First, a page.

Tuesday, October 18, 2011

Old Glory

I was in Cambridge with Rita yesterday and after the Harvard Natural History Museum we went through the Memorial Church on the Harvard campus. The main hall of the church is lined with plaques honoring the Harvard men who fell in the Civil War. Each plaque has the young man's name, his dates of birth and death and where he died. Gettysburg, Antietam, Chickamauga, Fredericksburg, Cold Harbor, Bull Run, Petersburg. And others.

The plaques made them suddenly real. In their mid- to late-twenties, they had been young officers., lieutenants and captains. They died in the prime of their lives.

The name of one of them, Benjamin Franklin Pierce, had been appropriated by a television program as the name of the character 'Hawkeye' on the television program ' MASH'.

Once on a bicycle trip up the Potomac I had shied away from a short side trip that would have taken me to the Antietam National Battlefield. I was afraid of hearing the voices, the screams of the wounded and dying, attenuated by a century and a half, but not silenced. Here in Harvard Yard I had stumbled among them.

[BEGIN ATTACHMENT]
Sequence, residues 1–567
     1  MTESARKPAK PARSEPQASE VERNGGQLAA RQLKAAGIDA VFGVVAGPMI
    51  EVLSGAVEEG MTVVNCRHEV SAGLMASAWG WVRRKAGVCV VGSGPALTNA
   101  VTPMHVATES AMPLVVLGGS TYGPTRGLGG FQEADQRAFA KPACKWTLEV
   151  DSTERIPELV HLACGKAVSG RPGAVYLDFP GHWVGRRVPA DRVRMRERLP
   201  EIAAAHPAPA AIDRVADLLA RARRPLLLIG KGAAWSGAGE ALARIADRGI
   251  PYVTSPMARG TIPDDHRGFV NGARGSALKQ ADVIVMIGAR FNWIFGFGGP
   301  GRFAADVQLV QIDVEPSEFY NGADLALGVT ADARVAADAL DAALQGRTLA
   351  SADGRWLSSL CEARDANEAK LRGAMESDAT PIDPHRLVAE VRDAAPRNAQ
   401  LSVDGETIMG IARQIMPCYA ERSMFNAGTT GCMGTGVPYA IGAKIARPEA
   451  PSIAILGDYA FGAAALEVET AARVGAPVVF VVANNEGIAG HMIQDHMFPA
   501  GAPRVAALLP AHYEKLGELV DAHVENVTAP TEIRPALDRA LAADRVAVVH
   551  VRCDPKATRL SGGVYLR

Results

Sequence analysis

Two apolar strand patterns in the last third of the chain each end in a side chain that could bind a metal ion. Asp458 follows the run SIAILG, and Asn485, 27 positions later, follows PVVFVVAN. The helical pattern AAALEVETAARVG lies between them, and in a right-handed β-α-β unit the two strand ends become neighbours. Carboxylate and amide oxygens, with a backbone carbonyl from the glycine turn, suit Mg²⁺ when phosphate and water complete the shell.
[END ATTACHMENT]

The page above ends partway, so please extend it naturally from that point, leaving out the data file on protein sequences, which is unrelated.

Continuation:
I got a lump in my throat and started crying. I had to get out of there before I made any more of a fool of myself. Rita was kind and understanding and left with me. I had been sneering at Harvard men and women as snobbish, self-satisfied, elitists, who made lots of money but were second rate at the research that had won Berkeley so many Nobel Prizes and Harvard so few.

Suddenly that seemed shallow. Harvard men had been dying in arms to save the Republic and to free the slaves before before there was a Berkeley. Certainly none of the privileged young people walking about in Harvard Yard were likely to die in arms for a cause they believed in. Those times are gone. But they are heirs of those who did.  For the first time I understood the meaning of a tradition.  The dead honor the living in a way that is hard for the rest of us to comprehend.

Here at Cape Elizabeth in Maine, a few hours drive north of Boston, Rita and I drove up to the hotel. In front of it there was a flagpole with an American flag flying. Over the years I had come to think of that flag as the emblem of the dominant world power, the American imperial republic. It had a stale look to it.

After the plaques in Harvard's Memorial Church, the flag was fresher, the colors brighter. It was the flag of the Union, the last best hope of mankind.


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